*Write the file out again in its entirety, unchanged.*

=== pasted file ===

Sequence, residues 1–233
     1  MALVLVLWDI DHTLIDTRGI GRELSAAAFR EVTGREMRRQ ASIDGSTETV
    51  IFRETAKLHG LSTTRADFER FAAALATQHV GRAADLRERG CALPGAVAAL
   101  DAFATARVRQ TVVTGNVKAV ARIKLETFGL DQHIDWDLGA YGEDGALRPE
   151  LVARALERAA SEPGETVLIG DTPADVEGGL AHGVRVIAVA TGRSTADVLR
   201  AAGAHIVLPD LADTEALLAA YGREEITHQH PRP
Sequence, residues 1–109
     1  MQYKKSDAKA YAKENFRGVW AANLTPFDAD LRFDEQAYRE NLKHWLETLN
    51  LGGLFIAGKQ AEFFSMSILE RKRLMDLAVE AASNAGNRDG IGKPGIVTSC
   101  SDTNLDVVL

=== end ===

Sequence, residues 1–233
     1  MALVLVLWDI DHTLIDTRGI GRELSAAAFR EVTGREMRRQ ASIDGSTETV
    51  IFRETAKLHG LSTTRADFER FAAALATQHV GRAADLRERG CALPGAVAAL
   101  DAFATARVRQ TVVTGNVKAV ARIKLETFGL DQHIDWDLGA YGEDGALRPE
   151  LVARALERAA SEPGETVLIG DTPADVEGGL AHGVRVIAVA TGRSTADVLR
   201  AAGAHIVLPD LADTEALLAA YGREEITHQH PRP
Sequence, residues 1–109
     1  MQYKKSDAKA YAKENFRGVW AANLTPFDAD LRFDEQAYRE NLKHWLETLN
    51  LGGLFIAGKQ AEFFSMSILE RKRLMDLAVE AASNAGNRDG IGKPGIVTSC
   101  SDTNLDVVL